The majority of employment claims must be brought within three months of the act complained of.
For example, an employee who alleges that they have been unfairly dismissed must initiate pre-claim conciliation within three months of the termination of their employment.
In some circumstances, however, employment tribunals will grant an extension of time to initiate the claim. Different types of claims are subject to different rules on whether or not an extension of time will be granted, including on the following basis:
Mr Pora was dismissed by Cape Industrial Services on 12 May 2017. He instructed a law centre to make claims of unfair dismissal and race discrimination on his behalf. Despite repeated assurances that his claims were being handled, the claims were not initiated by the law centre.
When Mr Pora discovered this, he approached Polish Community UK for assistance. The claims were presented to the Employment Tribunal (ET) on 23 March 2018 - 10 months after the dismissal - and therefore were technically seven months outside of the deadline.
The ET dismissed the claim for unfair dismissal as it found that it had been 'reasonably practicable' for Mr Pora to bring the claim in time, and therefore the time limit could not be extended. However the ET referred the discrimination claim to a full hearing. Although it, too, had been initiated out of time, it might be 'just and equitable' in the circumstances to extend the time limit.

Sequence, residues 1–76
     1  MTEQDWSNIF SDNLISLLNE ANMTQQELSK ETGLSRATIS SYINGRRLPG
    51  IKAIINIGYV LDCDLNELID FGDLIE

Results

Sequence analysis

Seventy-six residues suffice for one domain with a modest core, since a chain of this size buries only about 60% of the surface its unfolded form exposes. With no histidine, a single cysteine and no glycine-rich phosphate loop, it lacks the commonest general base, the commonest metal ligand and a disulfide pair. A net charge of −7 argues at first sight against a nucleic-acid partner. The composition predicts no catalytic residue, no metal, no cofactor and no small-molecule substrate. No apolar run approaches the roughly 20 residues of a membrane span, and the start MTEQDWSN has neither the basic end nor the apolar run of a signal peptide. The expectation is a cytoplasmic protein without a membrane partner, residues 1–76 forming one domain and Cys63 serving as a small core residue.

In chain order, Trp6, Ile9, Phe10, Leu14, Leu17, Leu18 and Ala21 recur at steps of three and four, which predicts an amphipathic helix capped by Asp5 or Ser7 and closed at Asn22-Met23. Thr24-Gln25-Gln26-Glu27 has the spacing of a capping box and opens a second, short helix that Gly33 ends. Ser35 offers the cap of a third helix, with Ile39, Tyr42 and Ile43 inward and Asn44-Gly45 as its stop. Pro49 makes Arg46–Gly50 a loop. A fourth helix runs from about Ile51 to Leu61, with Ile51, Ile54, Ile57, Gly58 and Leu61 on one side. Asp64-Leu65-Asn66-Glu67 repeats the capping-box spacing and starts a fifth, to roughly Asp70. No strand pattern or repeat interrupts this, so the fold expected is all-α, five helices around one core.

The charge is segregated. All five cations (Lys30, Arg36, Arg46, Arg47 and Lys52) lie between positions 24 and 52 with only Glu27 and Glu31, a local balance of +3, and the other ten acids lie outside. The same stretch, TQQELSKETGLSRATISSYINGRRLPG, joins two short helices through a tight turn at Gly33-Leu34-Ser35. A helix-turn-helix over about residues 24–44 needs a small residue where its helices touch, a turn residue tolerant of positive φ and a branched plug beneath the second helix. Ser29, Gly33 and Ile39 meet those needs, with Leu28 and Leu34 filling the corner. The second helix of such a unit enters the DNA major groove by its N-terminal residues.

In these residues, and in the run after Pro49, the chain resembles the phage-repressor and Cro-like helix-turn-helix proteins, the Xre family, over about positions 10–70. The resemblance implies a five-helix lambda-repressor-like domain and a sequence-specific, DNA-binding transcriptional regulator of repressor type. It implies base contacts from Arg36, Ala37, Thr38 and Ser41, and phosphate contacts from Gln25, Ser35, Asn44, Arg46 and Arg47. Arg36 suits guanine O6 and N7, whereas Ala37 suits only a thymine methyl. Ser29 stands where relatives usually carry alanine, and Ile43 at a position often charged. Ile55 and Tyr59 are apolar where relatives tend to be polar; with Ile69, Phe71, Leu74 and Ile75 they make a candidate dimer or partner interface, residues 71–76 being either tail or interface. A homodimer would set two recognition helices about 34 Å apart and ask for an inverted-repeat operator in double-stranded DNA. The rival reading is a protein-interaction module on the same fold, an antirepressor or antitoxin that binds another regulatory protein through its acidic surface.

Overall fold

Mr Pora appealed, arguing that it had not been 'reasonably practicable' for him to bring his claim on time, because he had instructed solicitors to file his claim and they had assured him that they were dealing with his claim.
The Employment Appeal Tribunal dismissed the appeal and confirmed that where a claimant knows they have a claim, and puts that claim in the hands of legal advisers who then fail to present it in time, it was still 'reasonably practicable' for the claimant to have presented that claim in time.
A request for an extension of time for initiating an unfair dismissal claim will be refused even if the failure was not the claimant's fault and it would be just and equitable to grant the request.
This is because the 'reasonably practicable' test is more difficult to satisfy than the 'just and equitable' test.
In practice, this means that a judge has more discretion when considering a late discrimination claim than a late unfair dismissal claim.